Robert E. Lee: A Life by Roy BlountRobert E. Lee: A Life by Roy Blount

Robert E. Lee: A Life

byRoy Blount

Paperback | December 26, 2006

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A “witty, lively and wholly fascinating” (The New York Times) portrait of an iconic Southern hero

With lively storytelling and full-hearted Southern directness, Roy Blount, Jr., presents a unique portrait of Robert E. Lee. Fascinated by the qualities that made Lee such a charismatic, though reluctant, leader, Blount vividly conveys Lee’s audacity and uncanny successes in battle, as well as his humility, his quirky sense of humor, and the sorrowful sense of responsibility he felt for his outnumbered, half-starved army. The first concise biography of this American legend, Robert E. Lee will appeal to history and military buffs, students of Southern culture, and every reader curious about the makeup of a man who has become an American icon.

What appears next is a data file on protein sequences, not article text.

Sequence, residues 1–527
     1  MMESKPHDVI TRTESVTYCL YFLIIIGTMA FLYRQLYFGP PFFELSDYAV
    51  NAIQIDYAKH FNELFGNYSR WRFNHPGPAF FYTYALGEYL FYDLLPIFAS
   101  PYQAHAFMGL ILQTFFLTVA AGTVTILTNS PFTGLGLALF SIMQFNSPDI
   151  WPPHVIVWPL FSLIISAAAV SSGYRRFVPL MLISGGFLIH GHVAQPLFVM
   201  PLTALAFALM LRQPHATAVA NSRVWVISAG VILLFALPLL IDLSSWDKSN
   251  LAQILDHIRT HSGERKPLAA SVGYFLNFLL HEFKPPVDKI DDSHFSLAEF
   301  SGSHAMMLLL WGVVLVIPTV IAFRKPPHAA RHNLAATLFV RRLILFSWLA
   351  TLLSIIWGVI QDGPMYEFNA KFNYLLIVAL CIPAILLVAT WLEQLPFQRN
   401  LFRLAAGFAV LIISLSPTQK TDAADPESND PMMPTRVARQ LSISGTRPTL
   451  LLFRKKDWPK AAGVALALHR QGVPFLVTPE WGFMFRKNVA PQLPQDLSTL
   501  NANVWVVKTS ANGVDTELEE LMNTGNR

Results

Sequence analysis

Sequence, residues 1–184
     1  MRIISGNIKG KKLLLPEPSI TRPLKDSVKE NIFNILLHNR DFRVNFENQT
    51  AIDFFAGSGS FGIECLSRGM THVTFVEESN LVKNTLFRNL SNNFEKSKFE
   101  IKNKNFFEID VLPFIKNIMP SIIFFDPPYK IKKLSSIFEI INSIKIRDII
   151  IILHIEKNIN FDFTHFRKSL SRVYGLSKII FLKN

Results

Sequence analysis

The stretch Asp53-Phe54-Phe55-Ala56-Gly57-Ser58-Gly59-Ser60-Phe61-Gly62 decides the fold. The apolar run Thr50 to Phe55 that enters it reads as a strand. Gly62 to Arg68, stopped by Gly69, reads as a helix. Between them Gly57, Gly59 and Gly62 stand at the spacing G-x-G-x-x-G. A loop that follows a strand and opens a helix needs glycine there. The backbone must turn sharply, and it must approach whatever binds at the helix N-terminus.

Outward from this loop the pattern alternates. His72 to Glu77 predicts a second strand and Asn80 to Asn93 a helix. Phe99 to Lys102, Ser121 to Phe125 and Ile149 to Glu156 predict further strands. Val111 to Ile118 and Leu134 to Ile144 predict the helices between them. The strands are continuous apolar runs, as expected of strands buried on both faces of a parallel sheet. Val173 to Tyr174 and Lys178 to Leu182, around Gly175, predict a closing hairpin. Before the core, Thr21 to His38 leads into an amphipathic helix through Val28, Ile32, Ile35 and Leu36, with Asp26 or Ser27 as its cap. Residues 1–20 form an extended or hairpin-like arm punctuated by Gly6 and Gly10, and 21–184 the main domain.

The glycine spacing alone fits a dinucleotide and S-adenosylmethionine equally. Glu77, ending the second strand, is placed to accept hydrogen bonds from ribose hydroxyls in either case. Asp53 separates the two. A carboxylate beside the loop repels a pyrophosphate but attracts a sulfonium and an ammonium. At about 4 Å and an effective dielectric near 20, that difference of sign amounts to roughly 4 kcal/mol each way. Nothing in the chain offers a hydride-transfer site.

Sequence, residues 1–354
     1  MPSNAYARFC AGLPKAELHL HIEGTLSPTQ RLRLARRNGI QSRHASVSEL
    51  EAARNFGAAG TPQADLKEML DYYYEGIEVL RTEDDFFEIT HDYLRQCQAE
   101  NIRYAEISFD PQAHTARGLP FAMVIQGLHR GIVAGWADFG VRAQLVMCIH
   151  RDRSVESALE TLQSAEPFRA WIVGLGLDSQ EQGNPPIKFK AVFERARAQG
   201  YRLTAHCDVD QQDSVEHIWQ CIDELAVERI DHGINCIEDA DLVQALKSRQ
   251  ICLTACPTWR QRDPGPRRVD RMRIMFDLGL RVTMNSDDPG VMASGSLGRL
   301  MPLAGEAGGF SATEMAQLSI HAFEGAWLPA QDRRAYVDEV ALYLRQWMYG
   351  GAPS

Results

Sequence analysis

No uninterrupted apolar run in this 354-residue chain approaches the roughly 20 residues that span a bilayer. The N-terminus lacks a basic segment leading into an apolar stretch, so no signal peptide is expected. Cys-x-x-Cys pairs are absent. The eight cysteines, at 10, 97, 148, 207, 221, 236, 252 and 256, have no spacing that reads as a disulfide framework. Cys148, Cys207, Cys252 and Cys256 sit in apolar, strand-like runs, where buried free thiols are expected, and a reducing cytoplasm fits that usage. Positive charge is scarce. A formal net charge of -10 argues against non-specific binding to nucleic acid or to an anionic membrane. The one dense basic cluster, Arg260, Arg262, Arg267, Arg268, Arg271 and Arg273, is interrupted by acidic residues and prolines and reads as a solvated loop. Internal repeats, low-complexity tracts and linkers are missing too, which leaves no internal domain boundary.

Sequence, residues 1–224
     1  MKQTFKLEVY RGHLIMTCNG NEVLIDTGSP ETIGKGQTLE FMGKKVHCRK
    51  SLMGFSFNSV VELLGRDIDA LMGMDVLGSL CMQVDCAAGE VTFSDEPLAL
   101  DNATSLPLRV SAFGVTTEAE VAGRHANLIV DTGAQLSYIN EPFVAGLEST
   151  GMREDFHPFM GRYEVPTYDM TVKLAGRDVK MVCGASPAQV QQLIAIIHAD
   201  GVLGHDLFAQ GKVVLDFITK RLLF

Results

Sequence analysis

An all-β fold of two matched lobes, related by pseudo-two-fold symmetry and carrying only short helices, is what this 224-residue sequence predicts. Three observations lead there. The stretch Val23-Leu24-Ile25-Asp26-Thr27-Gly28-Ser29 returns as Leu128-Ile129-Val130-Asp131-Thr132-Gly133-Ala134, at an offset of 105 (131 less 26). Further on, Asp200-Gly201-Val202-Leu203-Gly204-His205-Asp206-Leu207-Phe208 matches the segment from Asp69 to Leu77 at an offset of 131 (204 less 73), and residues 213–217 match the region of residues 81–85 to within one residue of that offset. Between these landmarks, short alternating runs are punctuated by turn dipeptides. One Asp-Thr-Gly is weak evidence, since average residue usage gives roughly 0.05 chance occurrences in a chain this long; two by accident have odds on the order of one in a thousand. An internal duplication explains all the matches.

Roy Blount, Jr., grew up in Georgia and served in the army before becoming a celebrated humorist and cultural journalist. He has written for magazines as diverse as Sports Illustrated and The New York Review of Books and is the author of numerous books that include his recent memoir Be Sweet.
Title:Robert E. Lee: A LifeFormat:PaperbackDimensions:224 pages, 7.1 × 5.2 × 0.6 inPublished:December 26, 2006Publisher:Penguin Publishing GroupLanguage:English

The following ISBNs are associated with this title:

ISBN - 10:0143038664

ISBN - 13:9780143038665